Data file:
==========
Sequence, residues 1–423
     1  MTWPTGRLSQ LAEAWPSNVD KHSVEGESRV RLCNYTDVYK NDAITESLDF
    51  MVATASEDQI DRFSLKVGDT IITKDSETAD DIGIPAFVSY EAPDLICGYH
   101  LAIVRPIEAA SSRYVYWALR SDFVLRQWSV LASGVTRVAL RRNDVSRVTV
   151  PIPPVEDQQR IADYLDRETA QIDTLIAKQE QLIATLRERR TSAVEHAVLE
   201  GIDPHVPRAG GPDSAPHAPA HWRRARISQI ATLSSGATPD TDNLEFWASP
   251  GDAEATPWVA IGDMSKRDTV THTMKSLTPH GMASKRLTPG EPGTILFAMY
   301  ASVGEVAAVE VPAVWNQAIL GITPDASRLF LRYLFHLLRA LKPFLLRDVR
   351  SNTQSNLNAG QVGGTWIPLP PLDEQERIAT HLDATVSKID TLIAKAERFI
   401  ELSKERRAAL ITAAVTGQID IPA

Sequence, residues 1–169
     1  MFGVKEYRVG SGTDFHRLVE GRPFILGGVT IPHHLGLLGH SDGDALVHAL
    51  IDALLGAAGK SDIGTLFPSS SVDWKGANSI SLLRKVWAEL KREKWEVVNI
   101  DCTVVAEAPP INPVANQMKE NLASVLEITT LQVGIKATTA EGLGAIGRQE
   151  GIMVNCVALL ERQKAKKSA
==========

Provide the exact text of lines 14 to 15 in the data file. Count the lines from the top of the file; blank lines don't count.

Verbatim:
   101  DCTVVAEAPP INPVANQMKE NLASVLEITT LQVGIKATTA EGLGAIGRQE
   151  GIMVNCVALL ERQKAKKSA